Adventures in Klipper

I’ve been investigating Klipper. I put together a printer development hardware from spare parts, and loaded Klipper on a netbook. Post link can be found at bottom.

While old netbook worked, CPU resources intermittently peaks to near 100%, when viewed from Mainsail. I would like to install more printers, so decided to try a mini PC, a HP EliteDesk 800 G2. The G2 has an Intel i5-6500 CPU, 6 USB 3.0 ports, USB type C, Wifi/BT, 8GB RAM, 2 DisplayPorts, and VGA port. It was purchased for about $70 shipped, without OS, and SSD. I purchased a 240GB SSD for under $20. The G2 is well constructed and is easy to upgrade, just one thumbscrew to open case and install drive, and memory upgrade. It measures only 7"x 7" x 1 1/2". Ebay has many vendors for these used PCs.

I saw YouTube video by ModBot installing Klipper on i5 Notebook running Linux Mint, so tried that. Please see link below. The G2 was extremely fast, Mint 21.2 was much easier to install than Raspberry Pi Desktop used with netbook. Klippler install using Kiauh, was many times faster too.

I had a problem, development printer would not connect on USB. Kiauh could not read MCU id. I discovered that there is a kernel bug in Debian Linux. There is a fix, but it might not be permanent. I will list YouTube video link below. I discovered ModBot installed Mint 20.3, so I installed that, and Klipper worked! The Linux update system wanted to update kernel after a day or two, and doing that broke it, reverting to prior kernel fixed it.

I also tested a ADXL345 with Raspberry Pi Pico, for Klipper input shaping measurements. The Pi Pico firmware is built with make utility found in Kiauh. There is a good Klipper discourse on that, url shown below.

ModBot Klipper install:

Linux Bug Fix involving dev/

Klipper Discourse ADXL345 Pi Pico:

Netbook Klipper with KlipperScreen Install:

1 Like

Wow. Thanks for sharing. I am hoping to do a new series called “Pimping Your Ender 3” where I will go over upgrades to bring an Ender 3 up to current specs. One of my videos will cover Klipper.


I’m looking forward to your new series. I hope to learn more, and actually start printing with Klipper. While my tests with axis motion, heater PIDs seem to work, I’m not ready to take the plunge. It was that way with my first printer. Watching your videos helped me get to printing.

I’ve been considering buying a Creality Sonic Pad after my current 3D printing project is done (I don’t want to risk bricking my printer in the middle of a project :D). I am also looking at using a Bigtree pad 7 so that I’m not locked into Creality’s firmware, but I have read a lot of mixed results about that pad. Some really like it, but others have said that there’s essentially zero customer support, which is a problem if you run into troubles. Of course the other alternative is something like a Raspberry Pi 3 or greater + power supply, case, etc. Which seems to end up costing about the same as the Sonic pad, and you don’t have a nice touch screen.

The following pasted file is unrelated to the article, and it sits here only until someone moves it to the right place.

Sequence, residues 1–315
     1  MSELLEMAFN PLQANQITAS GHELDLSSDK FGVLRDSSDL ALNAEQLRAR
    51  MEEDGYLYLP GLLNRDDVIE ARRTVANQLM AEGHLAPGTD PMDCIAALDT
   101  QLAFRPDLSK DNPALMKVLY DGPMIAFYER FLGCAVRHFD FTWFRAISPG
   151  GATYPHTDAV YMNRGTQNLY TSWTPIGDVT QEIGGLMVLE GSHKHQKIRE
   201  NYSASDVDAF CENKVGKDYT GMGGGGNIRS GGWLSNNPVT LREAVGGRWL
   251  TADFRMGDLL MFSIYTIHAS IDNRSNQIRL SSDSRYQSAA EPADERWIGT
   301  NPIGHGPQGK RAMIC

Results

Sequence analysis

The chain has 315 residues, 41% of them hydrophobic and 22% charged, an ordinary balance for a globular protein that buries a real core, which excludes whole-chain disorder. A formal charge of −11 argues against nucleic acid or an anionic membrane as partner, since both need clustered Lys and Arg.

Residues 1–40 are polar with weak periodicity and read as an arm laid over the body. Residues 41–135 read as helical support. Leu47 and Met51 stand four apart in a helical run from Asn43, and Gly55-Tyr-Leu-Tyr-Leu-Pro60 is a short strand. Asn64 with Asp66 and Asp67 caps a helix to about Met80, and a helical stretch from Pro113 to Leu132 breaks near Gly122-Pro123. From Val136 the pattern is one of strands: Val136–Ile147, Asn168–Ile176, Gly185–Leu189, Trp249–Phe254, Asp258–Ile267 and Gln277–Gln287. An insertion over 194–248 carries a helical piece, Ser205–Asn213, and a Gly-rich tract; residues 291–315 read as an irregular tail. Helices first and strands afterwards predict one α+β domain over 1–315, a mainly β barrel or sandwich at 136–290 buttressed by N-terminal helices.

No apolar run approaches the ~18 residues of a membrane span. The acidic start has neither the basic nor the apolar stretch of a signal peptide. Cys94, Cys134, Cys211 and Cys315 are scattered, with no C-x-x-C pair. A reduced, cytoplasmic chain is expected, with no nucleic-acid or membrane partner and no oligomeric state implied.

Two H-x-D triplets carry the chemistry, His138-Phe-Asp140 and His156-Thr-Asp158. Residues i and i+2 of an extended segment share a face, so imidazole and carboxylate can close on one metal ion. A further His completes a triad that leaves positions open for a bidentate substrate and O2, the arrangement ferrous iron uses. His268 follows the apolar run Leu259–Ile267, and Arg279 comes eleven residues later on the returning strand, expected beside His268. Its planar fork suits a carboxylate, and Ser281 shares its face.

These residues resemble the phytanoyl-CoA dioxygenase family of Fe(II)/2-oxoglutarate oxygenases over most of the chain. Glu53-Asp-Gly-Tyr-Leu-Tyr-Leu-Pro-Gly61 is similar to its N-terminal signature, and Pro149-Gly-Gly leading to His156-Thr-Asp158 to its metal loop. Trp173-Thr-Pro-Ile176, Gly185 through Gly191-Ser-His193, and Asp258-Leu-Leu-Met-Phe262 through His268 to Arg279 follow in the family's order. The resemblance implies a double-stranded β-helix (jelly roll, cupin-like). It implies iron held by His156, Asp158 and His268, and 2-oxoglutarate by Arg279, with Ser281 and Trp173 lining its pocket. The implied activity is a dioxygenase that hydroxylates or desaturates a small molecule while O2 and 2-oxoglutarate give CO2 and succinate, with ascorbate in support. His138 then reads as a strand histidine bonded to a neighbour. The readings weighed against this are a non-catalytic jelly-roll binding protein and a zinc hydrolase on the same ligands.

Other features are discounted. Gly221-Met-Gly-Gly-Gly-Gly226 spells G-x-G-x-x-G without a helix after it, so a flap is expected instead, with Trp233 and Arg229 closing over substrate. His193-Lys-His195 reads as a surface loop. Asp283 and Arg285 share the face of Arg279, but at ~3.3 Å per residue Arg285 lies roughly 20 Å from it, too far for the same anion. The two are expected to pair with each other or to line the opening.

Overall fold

I’m also hoping that something like the Beagle 2 (or a follow-on) will be able to run Klipper natively, which adds a camera capability as well. I feel like I don’t really need the local screen, but it would be a nice feature. If I had to choose between camera and screen, I’ll take the camera.

So I’ll be interested to see what variations you try and what you end up recommending.

A while back I put Klipper on my Ender 3 V2 using a Raspberry Pi 3+ I already had. I too wanted a screen so I bought one and mounted it on the printer. Once I got the screen figured out it worked fine. I did most stuff on the PC that was across the room. At the time I set mine up up Ender5r was around and was the local Klipper expert. I liked Klipper but not well enough to put it on on the S1 Pro when I bought it. Currently not running Kilpper on anything. If you have an old Netbook that should make a good candidate for Klipper and I think you can pickup used ones pretty cheap. Anything that will run Linux should run Klipper.

I added a second SSD, a 512GB m2280 PCIe , to make the HP EliteDesk 800 dual boot for Linux and Windows. Cost less than $20. When not using for Klipper, the PC will be used for model development with FreeCad and slicing with Cura. Windows was installed by going to MS, downloaded boot media creation tool for USB pen drive. I pulled out SATA drive used for Linux install. Then installed creation tool USB, and installed off line. The EliteDesk 800 already had onboard Windows authorization for W10 Pro, so install automatic. After install, I powered down and reinstalled SATA drive. By pressing Esc key to enter BIOS, and selecting boot option, I can choose OS. From Linux, it is possible to get to Windows files for printer use.

Here is how Kilpper works on Linux:

  1. Starting KlipperScreen from desktop, Applications>Graphics>KlipperScreen.
  2. KlipperScreen is in full control, navigating to WiFi shows IP. That IP can be used in local browser, or another PC to run Mainsail. Chome and Firefox work.
  3. To exit KlipperScreen, the only option is to shutdown PC via exit.
  4. Mainsail direct on Klipper PC will likely be choice controlling printers.
  5. Add Printer in Mainsail is where multiple printer are configured, after multiple printers installed with Kiauh. IP for multiple printers have port numbers starting at 7125.